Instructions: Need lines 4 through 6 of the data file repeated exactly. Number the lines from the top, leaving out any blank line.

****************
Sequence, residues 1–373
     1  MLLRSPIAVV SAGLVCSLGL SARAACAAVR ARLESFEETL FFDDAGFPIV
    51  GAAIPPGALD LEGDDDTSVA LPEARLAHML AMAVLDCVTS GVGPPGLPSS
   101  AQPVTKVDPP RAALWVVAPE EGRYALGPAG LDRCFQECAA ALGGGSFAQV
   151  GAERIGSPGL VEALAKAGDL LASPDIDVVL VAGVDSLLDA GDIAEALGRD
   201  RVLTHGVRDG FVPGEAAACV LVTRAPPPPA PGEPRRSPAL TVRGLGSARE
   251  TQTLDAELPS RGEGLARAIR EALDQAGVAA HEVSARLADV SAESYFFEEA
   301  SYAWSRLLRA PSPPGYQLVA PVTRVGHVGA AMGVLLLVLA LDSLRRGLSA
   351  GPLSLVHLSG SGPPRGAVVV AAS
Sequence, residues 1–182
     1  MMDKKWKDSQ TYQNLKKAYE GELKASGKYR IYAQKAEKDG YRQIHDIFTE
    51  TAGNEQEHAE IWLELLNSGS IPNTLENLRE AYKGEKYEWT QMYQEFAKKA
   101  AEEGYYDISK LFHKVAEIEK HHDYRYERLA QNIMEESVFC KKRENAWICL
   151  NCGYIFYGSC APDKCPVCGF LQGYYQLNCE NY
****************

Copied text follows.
   101  AQPVTKVDPP RAALWVVAPE EGRYALGPAG LDRCFQECAA ALGGGSFAQV
   151  GAERIGSPGL VEALAKAGDL LASPDIDVVL VAGVDSLLDA GDIAEALGRD
   201  RVLTHGVRDG FVPGEAAACV LVTRAPPPPA PGEPRRSPAL TVRGLGSARE